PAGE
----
Consumers to take control of their Personal Data

My Intro: The following passages were published by the Star in their Sunday Edition (6th January 2013) at pp 23-24. The article is about what Malaysian consumers should know and do in relation to their personal data. It is based on another interview the journalist had with me. For the benefit of the readers, I reproduce some parts of the article in this page. Should you want to read it in full, check the newspaper’s page HERE.

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“Consumers, take control of your personal data”

The Personal Data Protection Act 2010 has come into force, but the public will have to do their part to make it effective.

Credit: The Star Online

Credit: The Star Online

EAGER to win the grand prize, Maria (not her real name) did not hesitate to “drop” her name card at the door for a lucky draw at a company dinner. Weeks later, she found herself inundated with phone calls and text messages offering different services and products.

It is an accepted practice in Malaysia to leave our call cards or personal information at the registration counter of public events. But have you ever wondered what your personal data will be used for later? Or how it will be stored?

This has become so common here that no one thinks twice about the risks and implications, says personal data protection law expert Dr Sonny Zulhuda.

Under the newly enforced Personal Data Protection Act 2010 (PDPA), however, this practice will have to be reviewed, particularly for business entities that use these occasions as an opportunity to build their network of potential customers.

Continue reading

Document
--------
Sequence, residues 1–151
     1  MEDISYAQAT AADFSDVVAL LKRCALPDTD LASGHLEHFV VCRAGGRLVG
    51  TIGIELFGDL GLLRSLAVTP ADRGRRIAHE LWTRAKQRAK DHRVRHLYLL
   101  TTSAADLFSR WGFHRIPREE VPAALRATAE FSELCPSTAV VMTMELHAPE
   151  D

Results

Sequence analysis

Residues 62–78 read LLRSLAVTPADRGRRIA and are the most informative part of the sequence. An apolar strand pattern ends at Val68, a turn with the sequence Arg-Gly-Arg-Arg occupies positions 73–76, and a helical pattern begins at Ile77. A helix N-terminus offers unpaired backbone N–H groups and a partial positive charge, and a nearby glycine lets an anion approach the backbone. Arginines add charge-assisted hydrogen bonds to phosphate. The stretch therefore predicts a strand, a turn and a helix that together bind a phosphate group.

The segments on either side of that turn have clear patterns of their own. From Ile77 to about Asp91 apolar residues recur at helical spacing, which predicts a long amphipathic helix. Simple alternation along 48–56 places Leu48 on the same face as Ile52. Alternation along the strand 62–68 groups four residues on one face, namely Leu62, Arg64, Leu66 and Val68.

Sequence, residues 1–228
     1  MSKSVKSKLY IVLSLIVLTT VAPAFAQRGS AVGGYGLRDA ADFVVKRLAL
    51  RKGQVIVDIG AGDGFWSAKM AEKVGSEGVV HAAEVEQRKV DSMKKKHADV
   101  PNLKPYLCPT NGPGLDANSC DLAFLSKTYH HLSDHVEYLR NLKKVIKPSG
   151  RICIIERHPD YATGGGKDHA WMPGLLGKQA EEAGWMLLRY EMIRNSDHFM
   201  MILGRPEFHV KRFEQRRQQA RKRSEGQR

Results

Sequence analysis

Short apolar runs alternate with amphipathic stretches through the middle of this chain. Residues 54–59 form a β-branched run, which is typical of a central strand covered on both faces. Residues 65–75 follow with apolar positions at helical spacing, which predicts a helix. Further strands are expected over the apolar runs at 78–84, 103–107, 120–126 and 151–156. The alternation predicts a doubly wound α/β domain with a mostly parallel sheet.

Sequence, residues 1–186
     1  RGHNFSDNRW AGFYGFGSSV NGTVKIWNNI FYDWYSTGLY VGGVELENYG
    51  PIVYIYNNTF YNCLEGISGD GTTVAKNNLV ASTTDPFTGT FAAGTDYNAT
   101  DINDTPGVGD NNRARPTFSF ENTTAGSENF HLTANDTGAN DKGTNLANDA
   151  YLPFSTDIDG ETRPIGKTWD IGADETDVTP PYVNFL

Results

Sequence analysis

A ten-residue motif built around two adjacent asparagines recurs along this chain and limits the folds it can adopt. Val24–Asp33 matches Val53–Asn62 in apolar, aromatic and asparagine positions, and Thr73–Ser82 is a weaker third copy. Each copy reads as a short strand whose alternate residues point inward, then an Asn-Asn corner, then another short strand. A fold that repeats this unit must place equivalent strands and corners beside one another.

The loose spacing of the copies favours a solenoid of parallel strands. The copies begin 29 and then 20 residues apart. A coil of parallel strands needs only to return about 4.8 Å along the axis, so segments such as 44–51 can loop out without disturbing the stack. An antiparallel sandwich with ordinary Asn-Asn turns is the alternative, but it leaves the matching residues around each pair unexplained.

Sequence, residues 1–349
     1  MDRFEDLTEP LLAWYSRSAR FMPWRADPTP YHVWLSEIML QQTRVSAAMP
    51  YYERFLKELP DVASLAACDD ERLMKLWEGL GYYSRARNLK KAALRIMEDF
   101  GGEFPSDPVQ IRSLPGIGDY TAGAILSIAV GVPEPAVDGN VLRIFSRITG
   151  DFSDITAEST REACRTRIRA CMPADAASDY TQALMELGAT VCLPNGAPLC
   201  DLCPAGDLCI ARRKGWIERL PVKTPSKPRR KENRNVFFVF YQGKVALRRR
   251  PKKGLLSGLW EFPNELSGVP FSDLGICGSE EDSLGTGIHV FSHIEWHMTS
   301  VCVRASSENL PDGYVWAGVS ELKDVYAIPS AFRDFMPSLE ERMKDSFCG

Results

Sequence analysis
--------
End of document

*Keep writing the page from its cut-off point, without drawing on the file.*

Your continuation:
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What You Need to Know about the PDPA

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My Intro: The following article, appeared in The Star newspaper, is about public awareness on the Personal Data Protection Act (PDPA) 2010 (Act 709). The journalist had compiled the report out of few resources, including the PDP Department and myself (through series of interaction). It is indicated at the bottom of the article itself. I reproduce the article in this page for the benefit of more readers.

Cheers! Sonny Zulhuda

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“What You Need to Know about the PDPA”

(Reproduced from The Star Online, published on Sunday, 30/12/2012)

PDPA 2010A freelance journalist from Penang was already coping with the pain from a hemorrhoids surgery when she had to endure another hurtful experience – she discovered that her surgeon had taken photographs of her private parts without her consent when she was under.

When she confronted him, she was told that it was “normal procedure” and a common practice for “medical purposes”. Outraged that her privacy had been violated, she sued the doctor.

This is one of the many cases of personal data breaches and privacy violations in the country. Hence, the enforcement of the Personal Data Protection Act (PDPA) this New Year is much lauded. In fact, it is long awaited – for some, over a decade long.

However, while pictures of one’s private parts may constitute as personal data, the aggrieved patient would not be able to take action under the Act – our PDPA only regulates commercial transactions. (The freelance journalist, however, won RM25,000 in damages in her civil court case.)